Muzungu

by Sarah Luna

It means white person.

The first time I stepped out into Kigali, I felt as though I were lit up by a spotlight. Men openly stared at me. Women pointed with wide eyes. Children laughed and ran after me.

They all used the same word: Muzungu. moo-ZOONG-oo. Try it.

A funny word for a funny sight. How strange I must look to them with my pale skin and my stringy hair–like an animal’s tail! How laughable that I turn a different color when the sun is out. And what am I wearing???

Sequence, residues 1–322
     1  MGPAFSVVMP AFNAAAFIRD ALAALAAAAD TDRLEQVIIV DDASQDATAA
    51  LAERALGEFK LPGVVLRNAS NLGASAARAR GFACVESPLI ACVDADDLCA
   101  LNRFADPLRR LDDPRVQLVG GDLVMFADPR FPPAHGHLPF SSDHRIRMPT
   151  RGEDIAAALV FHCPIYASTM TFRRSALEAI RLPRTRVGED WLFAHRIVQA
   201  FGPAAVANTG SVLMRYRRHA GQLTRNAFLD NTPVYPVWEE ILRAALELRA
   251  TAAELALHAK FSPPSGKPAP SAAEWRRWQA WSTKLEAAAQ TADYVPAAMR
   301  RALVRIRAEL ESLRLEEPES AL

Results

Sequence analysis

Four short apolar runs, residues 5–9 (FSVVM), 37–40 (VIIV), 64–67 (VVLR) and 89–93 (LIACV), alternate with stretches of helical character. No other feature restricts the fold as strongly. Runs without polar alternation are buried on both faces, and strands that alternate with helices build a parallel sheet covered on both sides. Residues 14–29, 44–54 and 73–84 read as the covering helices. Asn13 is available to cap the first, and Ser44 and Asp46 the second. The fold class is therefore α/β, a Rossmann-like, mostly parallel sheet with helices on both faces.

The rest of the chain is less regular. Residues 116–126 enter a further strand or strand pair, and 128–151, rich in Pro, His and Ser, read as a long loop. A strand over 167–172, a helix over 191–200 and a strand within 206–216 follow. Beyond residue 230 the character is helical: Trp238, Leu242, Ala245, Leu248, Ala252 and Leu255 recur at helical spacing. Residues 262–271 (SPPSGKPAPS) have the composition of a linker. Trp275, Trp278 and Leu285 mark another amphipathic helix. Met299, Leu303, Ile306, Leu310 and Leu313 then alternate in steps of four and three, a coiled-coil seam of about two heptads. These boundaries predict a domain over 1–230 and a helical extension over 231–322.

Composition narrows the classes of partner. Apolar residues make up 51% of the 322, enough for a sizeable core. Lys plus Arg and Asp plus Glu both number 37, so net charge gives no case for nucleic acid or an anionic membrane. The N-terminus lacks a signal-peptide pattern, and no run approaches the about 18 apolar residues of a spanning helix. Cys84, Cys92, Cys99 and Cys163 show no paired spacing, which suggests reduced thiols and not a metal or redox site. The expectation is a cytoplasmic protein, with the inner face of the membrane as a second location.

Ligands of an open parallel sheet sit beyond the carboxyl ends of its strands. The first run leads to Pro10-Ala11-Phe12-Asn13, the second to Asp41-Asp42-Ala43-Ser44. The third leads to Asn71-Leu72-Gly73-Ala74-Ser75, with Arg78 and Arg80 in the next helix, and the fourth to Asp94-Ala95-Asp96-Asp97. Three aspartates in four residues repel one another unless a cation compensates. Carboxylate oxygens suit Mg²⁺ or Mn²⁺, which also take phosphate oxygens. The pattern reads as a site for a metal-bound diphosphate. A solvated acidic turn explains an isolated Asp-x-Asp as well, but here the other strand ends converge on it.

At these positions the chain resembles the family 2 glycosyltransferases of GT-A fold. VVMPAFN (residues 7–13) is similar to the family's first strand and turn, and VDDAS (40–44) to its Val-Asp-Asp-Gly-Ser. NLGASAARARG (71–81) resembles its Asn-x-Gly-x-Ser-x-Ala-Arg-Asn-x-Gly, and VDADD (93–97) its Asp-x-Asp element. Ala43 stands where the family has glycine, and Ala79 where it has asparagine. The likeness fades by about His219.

I can see the questions in their eyes.

Moto drivers will tch at me for attention. “Eh, muzungu, tch tch. Eh.” They know they can get away with charging more just because I am foreign.

A group of women will shout out to me: “Muzungu! Mwiriwe!” White person! Good evening! I smile and give the customary “Amakuru!”, and their eyes light up. It is easier to be friendly with the women.

Children are the best though. Little ones who barely know how to talk will try the word on their tongues: “moooooooo-ZOOOOng-oo?” School-age kids will follow me in packs singing the word in a chorus. “muzungu! Muzungu! MUZUNGU!”

Me. Muzungu.

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